Magazine article The Spectator

Anxieties on and off the Stage

Magazine article The Spectator

Anxieties on and off the Stage

Article excerpt

TELLING SOME TALES by Anna Massey Hutchinson, £17.99, pp. 259, ISBN 0091796458 . £14.39 (plus £2.45 p&p) 0870 429 6655

On the face of it the actress Anna Massey's life would seem to have been a charmed one.

The child of distinguished theatrical parents -- Raymond Massey, the powerful Canadian actor, and Adrienne Allen, the original Sybil in Private Lives -- Miss Massey was steeped in the world of the stage and made her first professional appearance in a West End starring role. Hers was the title part in The Reluctant Debutante, working with the greatest light comedienne of her time, Celia Johnson, and a fine supporting cast.

Anna Massey more than held her own in their company.

Ever since, her career has been as interesting and varied as most players could wish: she did not stick with drawing-room comedy -- a dying art form by the 1960s -- but has appeared in all manner of genres, from classics at the National to Royal Court plays such as David Hare's Slag. On film she has worked with Hitchcock, Ford and Michael Powell; on television she played the crypto-lesbian Mrs Danvers in Rebecca and, in an especially fine performance, Gwen John. She is also a familiar voice on radio and audio-books.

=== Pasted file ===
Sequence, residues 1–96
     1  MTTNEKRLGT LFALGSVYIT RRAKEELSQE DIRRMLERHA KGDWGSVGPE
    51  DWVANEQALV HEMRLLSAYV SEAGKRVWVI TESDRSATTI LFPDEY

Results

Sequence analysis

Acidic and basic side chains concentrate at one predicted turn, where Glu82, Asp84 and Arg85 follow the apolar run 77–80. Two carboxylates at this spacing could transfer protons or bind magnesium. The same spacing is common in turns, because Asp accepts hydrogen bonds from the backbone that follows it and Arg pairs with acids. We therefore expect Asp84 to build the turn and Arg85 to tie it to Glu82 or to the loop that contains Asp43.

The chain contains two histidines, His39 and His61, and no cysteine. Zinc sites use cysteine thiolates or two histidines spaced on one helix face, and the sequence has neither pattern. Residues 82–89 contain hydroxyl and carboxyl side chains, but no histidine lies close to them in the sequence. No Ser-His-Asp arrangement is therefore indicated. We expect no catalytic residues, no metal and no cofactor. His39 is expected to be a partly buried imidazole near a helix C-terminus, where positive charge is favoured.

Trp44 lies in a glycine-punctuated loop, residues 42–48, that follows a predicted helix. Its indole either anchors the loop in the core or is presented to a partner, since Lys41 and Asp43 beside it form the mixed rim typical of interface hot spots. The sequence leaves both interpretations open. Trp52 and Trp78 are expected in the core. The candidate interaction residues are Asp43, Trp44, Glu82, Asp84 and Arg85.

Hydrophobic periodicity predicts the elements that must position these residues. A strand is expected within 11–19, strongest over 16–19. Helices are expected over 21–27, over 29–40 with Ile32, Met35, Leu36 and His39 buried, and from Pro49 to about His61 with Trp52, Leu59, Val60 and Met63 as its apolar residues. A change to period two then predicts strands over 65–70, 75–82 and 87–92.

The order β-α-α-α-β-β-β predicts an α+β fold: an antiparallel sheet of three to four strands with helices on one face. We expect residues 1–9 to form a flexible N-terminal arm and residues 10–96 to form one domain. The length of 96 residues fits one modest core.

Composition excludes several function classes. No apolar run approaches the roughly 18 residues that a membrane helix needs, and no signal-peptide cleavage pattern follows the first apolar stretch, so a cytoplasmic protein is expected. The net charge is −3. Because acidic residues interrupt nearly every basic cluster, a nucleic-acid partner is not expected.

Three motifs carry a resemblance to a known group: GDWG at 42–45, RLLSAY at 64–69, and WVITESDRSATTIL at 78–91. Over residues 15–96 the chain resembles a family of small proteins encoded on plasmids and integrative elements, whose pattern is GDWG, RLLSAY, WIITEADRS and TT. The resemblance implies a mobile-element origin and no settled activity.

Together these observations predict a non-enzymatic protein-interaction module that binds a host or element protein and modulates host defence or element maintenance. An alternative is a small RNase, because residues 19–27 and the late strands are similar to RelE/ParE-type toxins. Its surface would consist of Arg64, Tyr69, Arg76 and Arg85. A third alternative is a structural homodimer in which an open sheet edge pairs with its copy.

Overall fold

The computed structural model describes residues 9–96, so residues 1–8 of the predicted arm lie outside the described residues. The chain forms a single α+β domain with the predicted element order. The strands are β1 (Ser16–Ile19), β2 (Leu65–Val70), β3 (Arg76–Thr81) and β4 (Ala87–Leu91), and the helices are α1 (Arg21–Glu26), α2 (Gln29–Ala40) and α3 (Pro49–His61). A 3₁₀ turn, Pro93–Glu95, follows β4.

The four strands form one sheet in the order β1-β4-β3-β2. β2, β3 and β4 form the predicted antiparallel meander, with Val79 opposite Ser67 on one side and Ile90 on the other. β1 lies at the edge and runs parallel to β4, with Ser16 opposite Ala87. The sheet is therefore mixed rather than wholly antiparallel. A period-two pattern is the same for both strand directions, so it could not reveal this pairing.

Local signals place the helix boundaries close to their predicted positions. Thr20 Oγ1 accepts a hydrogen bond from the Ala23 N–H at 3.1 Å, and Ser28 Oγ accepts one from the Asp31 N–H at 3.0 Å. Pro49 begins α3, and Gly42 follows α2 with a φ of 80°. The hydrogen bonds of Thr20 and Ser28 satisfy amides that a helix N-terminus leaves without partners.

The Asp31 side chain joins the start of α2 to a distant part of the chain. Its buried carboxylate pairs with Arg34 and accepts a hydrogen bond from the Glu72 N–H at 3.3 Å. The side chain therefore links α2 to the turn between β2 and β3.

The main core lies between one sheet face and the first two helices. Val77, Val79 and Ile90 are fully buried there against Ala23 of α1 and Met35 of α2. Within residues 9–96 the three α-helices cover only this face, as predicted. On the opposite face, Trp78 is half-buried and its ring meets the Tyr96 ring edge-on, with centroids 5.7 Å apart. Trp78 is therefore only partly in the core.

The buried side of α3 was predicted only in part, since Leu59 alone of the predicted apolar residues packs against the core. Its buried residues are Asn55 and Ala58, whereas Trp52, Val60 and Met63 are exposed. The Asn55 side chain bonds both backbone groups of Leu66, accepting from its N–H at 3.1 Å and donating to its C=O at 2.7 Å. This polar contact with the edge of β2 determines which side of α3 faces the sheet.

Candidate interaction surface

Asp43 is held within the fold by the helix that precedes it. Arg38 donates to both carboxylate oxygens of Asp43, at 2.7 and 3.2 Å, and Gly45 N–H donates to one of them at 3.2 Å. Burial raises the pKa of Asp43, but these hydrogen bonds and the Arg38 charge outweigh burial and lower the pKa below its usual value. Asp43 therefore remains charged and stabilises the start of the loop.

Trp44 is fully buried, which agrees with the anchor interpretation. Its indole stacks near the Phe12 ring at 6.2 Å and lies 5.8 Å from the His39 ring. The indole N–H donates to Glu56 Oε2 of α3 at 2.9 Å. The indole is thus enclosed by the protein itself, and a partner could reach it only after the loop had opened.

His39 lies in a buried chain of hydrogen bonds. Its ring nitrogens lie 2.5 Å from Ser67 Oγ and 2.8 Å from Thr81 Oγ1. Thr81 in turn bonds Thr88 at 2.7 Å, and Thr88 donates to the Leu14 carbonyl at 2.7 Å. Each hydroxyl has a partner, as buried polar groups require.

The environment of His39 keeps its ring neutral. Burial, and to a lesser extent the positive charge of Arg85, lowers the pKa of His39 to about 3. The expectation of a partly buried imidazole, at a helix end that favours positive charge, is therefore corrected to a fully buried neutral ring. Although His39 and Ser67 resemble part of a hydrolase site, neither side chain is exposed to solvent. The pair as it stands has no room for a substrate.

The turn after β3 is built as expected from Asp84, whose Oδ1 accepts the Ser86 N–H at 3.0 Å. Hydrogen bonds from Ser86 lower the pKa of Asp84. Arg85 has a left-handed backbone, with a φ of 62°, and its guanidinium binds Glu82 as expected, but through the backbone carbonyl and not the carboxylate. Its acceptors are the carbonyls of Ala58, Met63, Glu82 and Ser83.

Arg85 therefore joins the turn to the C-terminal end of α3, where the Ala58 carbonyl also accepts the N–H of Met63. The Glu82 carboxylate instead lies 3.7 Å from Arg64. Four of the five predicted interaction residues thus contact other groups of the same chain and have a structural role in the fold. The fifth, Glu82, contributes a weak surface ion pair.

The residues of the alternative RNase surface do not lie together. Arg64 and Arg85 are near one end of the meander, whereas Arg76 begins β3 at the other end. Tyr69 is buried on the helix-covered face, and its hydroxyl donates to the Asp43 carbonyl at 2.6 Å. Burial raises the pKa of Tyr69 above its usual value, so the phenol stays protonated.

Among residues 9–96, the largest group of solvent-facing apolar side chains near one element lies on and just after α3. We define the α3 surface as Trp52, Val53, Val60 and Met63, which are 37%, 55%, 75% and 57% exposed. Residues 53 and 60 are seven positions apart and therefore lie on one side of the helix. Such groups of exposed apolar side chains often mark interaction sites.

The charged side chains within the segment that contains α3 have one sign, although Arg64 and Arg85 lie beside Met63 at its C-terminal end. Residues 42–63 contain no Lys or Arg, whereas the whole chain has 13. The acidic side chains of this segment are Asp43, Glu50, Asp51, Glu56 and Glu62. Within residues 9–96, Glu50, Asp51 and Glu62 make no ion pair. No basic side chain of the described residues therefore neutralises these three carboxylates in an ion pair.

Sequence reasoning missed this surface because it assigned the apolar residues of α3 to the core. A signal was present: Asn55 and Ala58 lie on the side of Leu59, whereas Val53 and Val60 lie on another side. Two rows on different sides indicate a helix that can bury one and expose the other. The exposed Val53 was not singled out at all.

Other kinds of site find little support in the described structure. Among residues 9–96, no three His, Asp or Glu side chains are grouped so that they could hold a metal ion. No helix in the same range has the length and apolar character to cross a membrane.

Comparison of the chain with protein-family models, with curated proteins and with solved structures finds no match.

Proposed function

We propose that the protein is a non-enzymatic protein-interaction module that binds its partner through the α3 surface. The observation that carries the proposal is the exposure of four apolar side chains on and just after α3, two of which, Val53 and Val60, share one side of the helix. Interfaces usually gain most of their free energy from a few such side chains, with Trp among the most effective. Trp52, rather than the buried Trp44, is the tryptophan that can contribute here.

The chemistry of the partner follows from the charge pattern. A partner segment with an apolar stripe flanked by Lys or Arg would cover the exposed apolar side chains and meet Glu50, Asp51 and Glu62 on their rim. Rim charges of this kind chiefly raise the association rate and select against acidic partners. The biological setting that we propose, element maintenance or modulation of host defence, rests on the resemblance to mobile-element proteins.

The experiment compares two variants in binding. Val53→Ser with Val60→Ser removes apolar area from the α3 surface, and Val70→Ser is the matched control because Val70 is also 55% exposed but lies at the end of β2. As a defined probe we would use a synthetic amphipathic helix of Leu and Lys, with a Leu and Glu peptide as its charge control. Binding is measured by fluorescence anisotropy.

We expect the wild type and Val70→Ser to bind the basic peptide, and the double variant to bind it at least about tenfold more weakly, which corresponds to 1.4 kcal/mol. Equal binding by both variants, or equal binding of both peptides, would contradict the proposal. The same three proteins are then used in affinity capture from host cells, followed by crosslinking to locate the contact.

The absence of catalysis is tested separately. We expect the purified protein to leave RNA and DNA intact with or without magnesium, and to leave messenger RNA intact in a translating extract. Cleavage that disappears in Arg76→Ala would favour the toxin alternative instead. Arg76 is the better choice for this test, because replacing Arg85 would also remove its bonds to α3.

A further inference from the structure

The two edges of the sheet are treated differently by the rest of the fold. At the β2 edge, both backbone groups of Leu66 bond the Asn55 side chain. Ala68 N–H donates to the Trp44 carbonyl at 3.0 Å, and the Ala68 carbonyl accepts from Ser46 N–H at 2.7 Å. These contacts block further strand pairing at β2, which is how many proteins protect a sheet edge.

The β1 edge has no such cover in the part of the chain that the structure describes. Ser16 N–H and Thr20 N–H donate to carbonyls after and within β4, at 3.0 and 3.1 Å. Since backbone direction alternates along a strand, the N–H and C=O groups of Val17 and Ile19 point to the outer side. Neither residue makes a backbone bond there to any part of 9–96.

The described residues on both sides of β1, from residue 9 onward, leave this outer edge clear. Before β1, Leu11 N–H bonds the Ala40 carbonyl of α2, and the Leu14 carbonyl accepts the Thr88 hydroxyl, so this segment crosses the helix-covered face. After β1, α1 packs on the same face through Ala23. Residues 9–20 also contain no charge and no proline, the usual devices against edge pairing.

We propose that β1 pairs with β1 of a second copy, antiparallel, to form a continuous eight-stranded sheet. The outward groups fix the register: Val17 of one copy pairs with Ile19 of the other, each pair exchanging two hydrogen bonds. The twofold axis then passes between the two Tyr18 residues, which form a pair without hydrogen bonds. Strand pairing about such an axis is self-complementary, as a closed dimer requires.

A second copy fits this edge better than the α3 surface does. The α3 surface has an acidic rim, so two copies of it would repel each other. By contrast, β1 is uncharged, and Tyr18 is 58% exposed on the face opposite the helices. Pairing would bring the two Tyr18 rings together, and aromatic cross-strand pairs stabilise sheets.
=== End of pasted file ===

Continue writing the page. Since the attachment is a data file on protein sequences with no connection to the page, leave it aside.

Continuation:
And yet until fairly recently her off-stage life has been fraught with insecurity and sometimes real unhappiness. Her early marriage to Jeremy Brett ended with his admission of homosexuality. She became the lone parent of their son, David, fortunately a great comfort. All the while she knew that she herself had had unsatisfactory parents: Raymond, an inhibited man, had left her mother the year Anna was born and was never like a true father; Adrienne, a witty and entertaining hostess, was generous but unmaternal. Only a beloved nanny and a wise stepfather brought some stability. Her brother Dan, whom I knew as an entertaining colleague, was in fact a chronic neurotic who ceased to speak to Anna for some years, though they were reconciled towards the cruel, cancerous end of his life.

Although devotion to acting was a merciful escape from real life it also brought Massey real anxiety. I have noticed that child actors -- she was almost one at her debut -- often lose confidence as they begin to analyse what originally came naturally. She has suffered from stage fright, a horrible sensation worlds away from nerves. The latter are probably a necessary rush of adrenalin in advance of a performance. That stalwart National Theatre player Michael Bryant once said on a first night, 'Nerves are vanity', a remark reported to Massey. …

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